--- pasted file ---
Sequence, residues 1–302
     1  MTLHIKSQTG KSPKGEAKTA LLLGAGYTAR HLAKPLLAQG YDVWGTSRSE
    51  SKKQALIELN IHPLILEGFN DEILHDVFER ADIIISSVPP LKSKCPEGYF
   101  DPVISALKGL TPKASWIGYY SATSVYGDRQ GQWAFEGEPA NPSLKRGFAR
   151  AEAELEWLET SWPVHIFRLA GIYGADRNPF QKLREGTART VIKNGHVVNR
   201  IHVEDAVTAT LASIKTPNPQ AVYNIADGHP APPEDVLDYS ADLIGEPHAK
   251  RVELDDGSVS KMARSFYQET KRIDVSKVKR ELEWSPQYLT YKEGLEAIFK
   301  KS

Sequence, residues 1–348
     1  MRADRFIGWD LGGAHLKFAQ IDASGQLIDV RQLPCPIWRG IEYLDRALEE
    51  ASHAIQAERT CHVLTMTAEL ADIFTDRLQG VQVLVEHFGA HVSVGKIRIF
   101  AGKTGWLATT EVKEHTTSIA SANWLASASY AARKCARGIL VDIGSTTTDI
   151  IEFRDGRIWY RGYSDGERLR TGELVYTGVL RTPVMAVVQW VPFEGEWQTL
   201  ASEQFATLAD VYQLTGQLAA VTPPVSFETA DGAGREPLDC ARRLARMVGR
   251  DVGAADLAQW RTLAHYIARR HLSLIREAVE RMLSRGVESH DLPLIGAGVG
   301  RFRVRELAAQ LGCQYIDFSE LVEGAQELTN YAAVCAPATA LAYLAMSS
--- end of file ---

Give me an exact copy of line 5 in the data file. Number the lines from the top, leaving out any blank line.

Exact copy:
   151  AEAELEWLET SWPVHIFRLA GIYGADRNPF QKLREGTART VIKNGHVVNR